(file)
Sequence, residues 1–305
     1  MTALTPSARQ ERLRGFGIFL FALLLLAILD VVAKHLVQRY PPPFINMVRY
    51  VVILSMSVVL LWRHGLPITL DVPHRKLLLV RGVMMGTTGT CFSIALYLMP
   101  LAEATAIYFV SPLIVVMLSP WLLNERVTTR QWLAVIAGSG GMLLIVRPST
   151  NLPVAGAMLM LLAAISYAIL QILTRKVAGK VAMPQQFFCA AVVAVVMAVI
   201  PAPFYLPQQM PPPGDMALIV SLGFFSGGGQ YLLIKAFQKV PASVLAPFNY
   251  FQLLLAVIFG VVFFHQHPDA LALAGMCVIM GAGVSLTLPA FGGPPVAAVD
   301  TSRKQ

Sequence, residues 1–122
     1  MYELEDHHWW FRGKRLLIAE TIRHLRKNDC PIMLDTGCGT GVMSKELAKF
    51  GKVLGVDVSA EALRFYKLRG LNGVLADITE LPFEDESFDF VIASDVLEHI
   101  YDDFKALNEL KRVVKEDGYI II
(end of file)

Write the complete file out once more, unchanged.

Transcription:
Sequence, residues 1–305
     1  MTALTPSARQ ERLRGFGIFL FALLLLAILD VVAKHLVQRY PPPFINMVRY
    51  VVILSMSVVL LWRHGLPITL DVPHRKLLLV RGVMMGTTGT CFSIALYLMP
   101  LAEATAIYFV SPLIVVMLSP WLLNERVTTR QWLAVIAGSG GMLLIVRPST
   151  NLPVAGAMLM LLAAISYAIL QILTRKVAGK VAMPQQFFCA AVVAVVMAVI
   201  PAPFYLPQQM PPPGDMALIV SLGFFSGGGQ YLLIKAFQKV PASVLAPFNY
   251  FQLLLAVIFG VVFFHQHPDA LALAGMCVIM GAGVSLTLPA FGGPPVAAVD
   301  TSRKQ

Sequence, residues 1–122
     1  MYELEDHHWW FRGKRLLIAE TIRHLRKNDC PIMLDTGCGT GVMSKELAKF
    51  GKVLGVDVSA EALRFYKLRG LNGVLADITE LPFEDESFDF VIASDVLEHI
   101  YDDFKALNEL KRVVKEDGYI II